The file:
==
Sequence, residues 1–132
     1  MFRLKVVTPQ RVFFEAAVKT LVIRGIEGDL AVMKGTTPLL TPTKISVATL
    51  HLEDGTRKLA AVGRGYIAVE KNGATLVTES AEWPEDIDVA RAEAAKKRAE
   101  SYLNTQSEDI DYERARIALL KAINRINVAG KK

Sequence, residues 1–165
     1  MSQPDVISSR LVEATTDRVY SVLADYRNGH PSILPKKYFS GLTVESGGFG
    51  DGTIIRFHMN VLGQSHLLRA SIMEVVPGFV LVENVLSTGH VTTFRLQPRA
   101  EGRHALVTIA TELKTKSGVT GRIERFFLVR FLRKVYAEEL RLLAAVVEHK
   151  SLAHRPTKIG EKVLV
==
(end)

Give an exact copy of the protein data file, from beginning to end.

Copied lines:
Sequence, residues 1–132
     1  MFRLKVVTPQ RVFFEAAVKT LVIRGIEGDL AVMKGTTPLL TPTKISVATL
    51  HLEDGTRKLA AVGRGYIAVE KNGATLVTES AEWPEDIDVA RAEAAKKRAE
   101  SYLNTQSEDI DYERARIALL KAINRINVAG KK

Sequence, residues 1–165
     1  MSQPDVISSR LVEATTDRVY SVLADYRNGH PSILPKKYFS GLTVESGGFG
    51  DGTIIRFHMN VLGQSHLLRA SIMEVVPGFV LVENVLSTGH VTTFRLQPRA
   101  EGRHALVTIA TELKTKSGVT GRIERFFLVR FLRKVYAEEL RLLAAVVEHK
   151  SLAHRPTKIG EKVLV